The Prado is presenting a survey of the artistic culture of Latin America which reached Spain in the Early Modern age
Return Journey. Art of the Americas in Spain, sponsored by Fundación AXA, recounts a little known phenomenon: the fact that following the conquest of Latin America and until its independence, more works of art arrived in Spain from that continent than from Flanders or Italy and that the movement of works was not one-directional, from Spain to Latin America, as is generally suggested. These thousands of objects, many of them created by indigenous or mestizo artists, often make use of materials, subjects and techniques unknown in Spain, while their creation reflects a range of intentions: reaffirmation of the dominance of the imperial power or the identitary aspirations of the Creole elites, as well as documentary, devotional and aesthetic reasons.
The exhibition, which also benefits from the collaboration of the Committee for Viceregal Art of the Fundación Amigos del Museo del Prado, features more than 100 works from Latin America which have been housed in Spanish cultural and religious institutions for centuries: objects that have become part of both Spains everyday experience and its historical and cultural heritage, even though all trace of their origins has sometimes been lost.
A number of the exhibits were formerly in the Spanish royal collections, displayed in the same palaces that housed canvases by Rubens and Velázquez, a reality that has not previously been acknowledged by the Museo del Prado. The present exhibition aims to remedy this and to offer a richer and more complex vision of the circulation and reception of artistic objects in Spain in the Early Modern age.
The exhibition, which can be seen until 13 February in Rooms A and B of the Jerónimos Building, allows visitors to discover the culture of the South American viceroyalties, with a particular focus on the symbolic and iconographic values of these objects and those attributed to them by the societies to which they were sent.
63 national and 3 international lenders have contributed to the organisation of this exhibition through the loan of 95 of the 107 works on display, created in Peru, Colombia, Mexico and elsewhere. Of these exhibits, 26 have been specially restored for the exhibition. Furthermore, the fact that 25 of Spains provinces have loaned works indicates the geographical scope of the exhibition.
According to Javier Solana, President of the Royal Board of Trustees of the Museo Nacional del Prado: This is a landmark exhibition for the Museo del Prado given its aim of analysing an entire artistic culture, in this case that of Early Modern Latin America, as an indissoluble part of Spains national historical narrative.
The exhibition is curated by Rafael López Guzmán, senior professor at the Universidad de Granada, with the assistance of Jaime Cuadriello and Pablo F. Amador, members of the Instituto de Investigaciones Estéticas of the UNAM in Mexico City, and with the support of Fundación AXA. A notable effort has been made to include works that were dispersed across all of Spains regions, many of them now loaned from the churches and religious houses which they originally entered centuries ago. There has also been an impressive restoration campaign encompassing 26 works: paintings, sculptures and examples of the decorative arts. According to Miguel Falomir, Director of the Museo Nacional del Prado: An exhibition of this kind can only happen through a major collective effort. I would therefore like to thank all those who have made it possible, particularly the large number of lenders. I would like to express my special thanks to Fundación AXA, which has once again reaffirmed its commitment by sponsoring an exhibition which, for the Museum, means much more than that.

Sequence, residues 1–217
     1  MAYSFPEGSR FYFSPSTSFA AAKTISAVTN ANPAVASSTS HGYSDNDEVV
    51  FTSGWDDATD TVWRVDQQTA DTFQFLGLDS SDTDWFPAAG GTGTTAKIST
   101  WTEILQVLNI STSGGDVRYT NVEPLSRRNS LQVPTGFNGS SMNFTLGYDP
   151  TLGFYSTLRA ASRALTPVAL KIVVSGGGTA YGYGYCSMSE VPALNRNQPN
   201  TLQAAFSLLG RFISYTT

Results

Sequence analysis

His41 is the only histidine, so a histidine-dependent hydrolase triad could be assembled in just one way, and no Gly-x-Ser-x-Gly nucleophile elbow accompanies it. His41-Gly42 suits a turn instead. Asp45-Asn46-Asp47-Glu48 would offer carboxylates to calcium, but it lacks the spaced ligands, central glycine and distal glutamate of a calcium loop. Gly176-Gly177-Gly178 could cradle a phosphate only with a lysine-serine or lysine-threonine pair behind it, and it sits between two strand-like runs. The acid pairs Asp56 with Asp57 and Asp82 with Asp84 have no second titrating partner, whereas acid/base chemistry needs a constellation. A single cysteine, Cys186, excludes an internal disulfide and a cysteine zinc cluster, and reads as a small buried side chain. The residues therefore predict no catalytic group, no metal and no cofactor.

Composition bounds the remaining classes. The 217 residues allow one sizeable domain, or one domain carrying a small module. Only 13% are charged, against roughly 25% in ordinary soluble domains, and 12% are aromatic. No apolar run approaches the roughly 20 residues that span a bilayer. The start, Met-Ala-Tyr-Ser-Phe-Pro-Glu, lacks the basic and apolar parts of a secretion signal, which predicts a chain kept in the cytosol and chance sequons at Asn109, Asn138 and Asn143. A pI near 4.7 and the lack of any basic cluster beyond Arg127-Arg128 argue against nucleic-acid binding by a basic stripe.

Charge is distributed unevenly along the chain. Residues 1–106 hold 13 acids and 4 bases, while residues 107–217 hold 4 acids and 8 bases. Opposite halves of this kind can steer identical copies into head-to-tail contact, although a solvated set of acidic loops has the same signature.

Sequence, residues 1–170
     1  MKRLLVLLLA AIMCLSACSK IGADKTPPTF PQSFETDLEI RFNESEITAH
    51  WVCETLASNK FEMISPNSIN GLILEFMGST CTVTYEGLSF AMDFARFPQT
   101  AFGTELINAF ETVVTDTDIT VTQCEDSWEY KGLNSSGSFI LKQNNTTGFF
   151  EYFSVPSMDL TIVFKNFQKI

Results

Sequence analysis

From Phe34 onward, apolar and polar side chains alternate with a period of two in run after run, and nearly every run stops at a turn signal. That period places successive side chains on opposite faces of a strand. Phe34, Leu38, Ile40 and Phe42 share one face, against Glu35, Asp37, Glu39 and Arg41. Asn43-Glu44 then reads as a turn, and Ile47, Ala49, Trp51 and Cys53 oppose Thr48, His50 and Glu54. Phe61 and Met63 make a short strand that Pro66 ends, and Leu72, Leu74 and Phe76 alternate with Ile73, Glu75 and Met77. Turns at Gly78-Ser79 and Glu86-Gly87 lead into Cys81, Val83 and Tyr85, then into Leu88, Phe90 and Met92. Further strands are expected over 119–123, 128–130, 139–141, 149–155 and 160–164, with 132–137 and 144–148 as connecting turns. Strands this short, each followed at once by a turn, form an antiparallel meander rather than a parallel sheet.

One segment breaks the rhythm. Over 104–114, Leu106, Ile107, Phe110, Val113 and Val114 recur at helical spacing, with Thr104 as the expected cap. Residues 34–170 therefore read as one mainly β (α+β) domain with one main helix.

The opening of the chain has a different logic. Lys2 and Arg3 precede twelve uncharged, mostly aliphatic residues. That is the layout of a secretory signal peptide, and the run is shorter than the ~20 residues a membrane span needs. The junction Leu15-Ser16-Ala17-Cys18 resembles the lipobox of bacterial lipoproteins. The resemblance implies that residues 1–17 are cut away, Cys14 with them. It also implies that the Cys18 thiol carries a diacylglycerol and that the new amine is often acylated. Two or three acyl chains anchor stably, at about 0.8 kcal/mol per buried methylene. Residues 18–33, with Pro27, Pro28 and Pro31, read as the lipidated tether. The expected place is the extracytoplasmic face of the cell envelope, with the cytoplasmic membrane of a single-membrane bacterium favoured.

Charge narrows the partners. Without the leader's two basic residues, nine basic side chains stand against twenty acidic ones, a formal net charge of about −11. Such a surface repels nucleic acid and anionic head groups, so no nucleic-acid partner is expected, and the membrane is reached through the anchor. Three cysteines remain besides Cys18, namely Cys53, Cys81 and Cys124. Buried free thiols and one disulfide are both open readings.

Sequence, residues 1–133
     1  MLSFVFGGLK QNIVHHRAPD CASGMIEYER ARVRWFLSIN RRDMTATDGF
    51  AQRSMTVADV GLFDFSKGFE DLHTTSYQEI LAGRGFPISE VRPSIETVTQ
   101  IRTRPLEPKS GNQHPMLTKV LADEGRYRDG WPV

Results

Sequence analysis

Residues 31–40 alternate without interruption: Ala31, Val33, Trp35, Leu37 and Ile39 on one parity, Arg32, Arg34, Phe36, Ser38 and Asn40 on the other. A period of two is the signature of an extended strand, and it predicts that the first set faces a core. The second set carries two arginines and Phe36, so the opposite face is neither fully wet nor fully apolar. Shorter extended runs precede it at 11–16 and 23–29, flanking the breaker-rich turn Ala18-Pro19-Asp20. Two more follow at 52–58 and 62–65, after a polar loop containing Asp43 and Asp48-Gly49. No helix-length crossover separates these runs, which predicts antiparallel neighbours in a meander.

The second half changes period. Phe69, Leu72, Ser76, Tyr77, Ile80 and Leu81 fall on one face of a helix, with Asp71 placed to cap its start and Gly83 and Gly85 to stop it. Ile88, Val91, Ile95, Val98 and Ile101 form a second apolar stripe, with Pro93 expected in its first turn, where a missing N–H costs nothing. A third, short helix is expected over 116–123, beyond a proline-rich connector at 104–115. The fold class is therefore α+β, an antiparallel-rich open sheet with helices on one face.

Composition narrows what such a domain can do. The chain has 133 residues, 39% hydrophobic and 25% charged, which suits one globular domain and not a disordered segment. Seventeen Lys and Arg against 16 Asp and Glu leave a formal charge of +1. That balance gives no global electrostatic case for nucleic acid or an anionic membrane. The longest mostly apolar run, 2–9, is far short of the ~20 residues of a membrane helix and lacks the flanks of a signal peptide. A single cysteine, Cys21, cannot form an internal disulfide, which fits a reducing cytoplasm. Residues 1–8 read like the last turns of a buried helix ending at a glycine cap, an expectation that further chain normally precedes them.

Return Journey. Art of the Americas in Spain includes 107 works, of which 95 are now housed in cultural institutions, religious spaces and collections across Spain (25 provinces), plus 3 international lenders. These are objects of enormous interest for their technical and aesthetic merits, symbolic content and social functions and they are interpreted in the exhibition in all their complexity rather than as mere isolated curiosities, with a particular focus on the reasons for their arrival from Latin America (Mexico, Peru, Ecuador, Bolivia, Guatemala, Colombia and Cuba) in the Early Modern age. For Josep Alfonso, Director General of Fundación AXA, this is a praiseworthy initiative in which once again and as with previous cutting-edge cultural initiatives, Fundación AXA is collaborating in order help to ensure that the project becomes a reality.
The exhibition is presented as four principal sections with the first gallery articulated in symbolic terms around the concept of the plaza, a fundamental element in Latin American city planning. This provides the context for the first two, interconnected sections, entitled Geography, conquest and society and Images and cults, away and back, as it was in the plaza that the design of the city, its most important buildings, its peoples, markets and church all came together, embodying the complex process of cultural evangelising and hybridisation.
In the second gallery the articulating concept is the idea of the conventual atrium: places of religious and educational interaction in Latin America. It provides the perfect context for a dialogue between the itinerant objects that made up domestic and ecclesiastical treasures, displayed in the section Art crossings, and those characteristic of indigenous identity, presented with the heading Legacy of the New World, the latter focusing on the material nature of the objects through the new subjects and techniques that arrived from both Europe and Asia.